As we rolled into the twenty-first century, however, school districts and technology made some changes. For about the past five years, I’ve been logging student grades into a Learning Management System that makes those grades available through the Internet. If the assessment isn’t an essay, I often have the grade posted by the end of the day; it just helps me keep track if I don’t let entering the grades pile up. Students’ averages are calculated by the minute, for them to stare at and for their parents to critique.

So now when a student strolls into class and says, “What’s my grade?” my chest clutches a little, and I hear, “I’ve got a bone to pick with you.” Unlike the old days, this student has access to all his or her grades. The question has come to mean, “What the hell are you doing to my grade?” Getting defensive isn’t helpful. I try to remember that despite the consumer/product nature of LMS grading systems, it is just a tool, and I am still the teacher. I try to smile and say, “Why, let’s look at it together, okay?” I know that this is Stage 1)—the stage where the student and I look at the potential problem. Stage 2) brings in the cavalry, and that can be exhausting…

Most of the time, the student has turned in make-up work that I have not graded and entered yet. LMS grading systems obscure the fact that I, a human being, am doing the grading and entering the data. Its instantaneous automation creates a false sense of “real time” for students. If they turn something in at 2 p.m., they expect to see it on the grading system by 6 p.m. While I do accept late work, I don’t usually grade it right away. Once students are sure I have their late work, they usually leave our meeting satisfied.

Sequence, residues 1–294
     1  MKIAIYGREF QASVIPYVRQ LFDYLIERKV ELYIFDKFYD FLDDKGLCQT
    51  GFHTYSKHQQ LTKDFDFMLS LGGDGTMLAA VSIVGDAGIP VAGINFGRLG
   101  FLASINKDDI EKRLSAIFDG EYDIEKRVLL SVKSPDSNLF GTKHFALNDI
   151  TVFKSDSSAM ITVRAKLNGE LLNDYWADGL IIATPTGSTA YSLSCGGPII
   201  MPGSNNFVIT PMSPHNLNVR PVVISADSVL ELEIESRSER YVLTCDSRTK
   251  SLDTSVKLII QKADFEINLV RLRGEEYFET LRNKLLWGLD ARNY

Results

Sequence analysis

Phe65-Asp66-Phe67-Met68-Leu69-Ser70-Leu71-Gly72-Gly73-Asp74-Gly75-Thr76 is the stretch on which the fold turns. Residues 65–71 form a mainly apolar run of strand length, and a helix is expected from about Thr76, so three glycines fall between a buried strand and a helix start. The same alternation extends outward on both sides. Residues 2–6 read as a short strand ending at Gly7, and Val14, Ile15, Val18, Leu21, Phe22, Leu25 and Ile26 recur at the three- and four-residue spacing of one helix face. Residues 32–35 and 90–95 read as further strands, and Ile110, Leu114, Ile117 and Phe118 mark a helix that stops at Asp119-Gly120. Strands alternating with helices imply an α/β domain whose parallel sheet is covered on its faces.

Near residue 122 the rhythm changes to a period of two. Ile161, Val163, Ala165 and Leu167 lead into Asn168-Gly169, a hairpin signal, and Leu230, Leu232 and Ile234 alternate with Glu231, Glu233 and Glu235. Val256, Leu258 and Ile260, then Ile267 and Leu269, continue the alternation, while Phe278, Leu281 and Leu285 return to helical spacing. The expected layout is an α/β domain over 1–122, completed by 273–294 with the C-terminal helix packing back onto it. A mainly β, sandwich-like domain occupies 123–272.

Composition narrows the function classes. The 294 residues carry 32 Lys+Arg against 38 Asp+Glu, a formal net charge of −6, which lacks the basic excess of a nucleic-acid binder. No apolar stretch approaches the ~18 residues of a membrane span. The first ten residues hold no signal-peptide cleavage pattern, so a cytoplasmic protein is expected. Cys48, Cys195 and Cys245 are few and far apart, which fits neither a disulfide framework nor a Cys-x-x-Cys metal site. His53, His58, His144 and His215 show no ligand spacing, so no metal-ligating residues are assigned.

Sometimes, the problem rests with user error. Some students may be able to access their grades, but they don’t really understand how to read an incomplete course average, which can also be assuaged with two or three minutes of help from me. It is true that every so often, “What’s my grade?” leads to a testy confrontation, but really, that happened when I taped grades to the door, too. Something about the LMS grading system makes me feel more vulnerable. I guess because I used to decide when grades would receive the most scrutiny. I didn’t tape the grades up unless all the make-up work was entered or before I’d nagged students to make up missing tests. Now the grades are available for scrutiny 100% of the time. I’m organized—I’m smart—I can handle it! However, I am sorry that “What’s my grade?” now makes my back stiffen…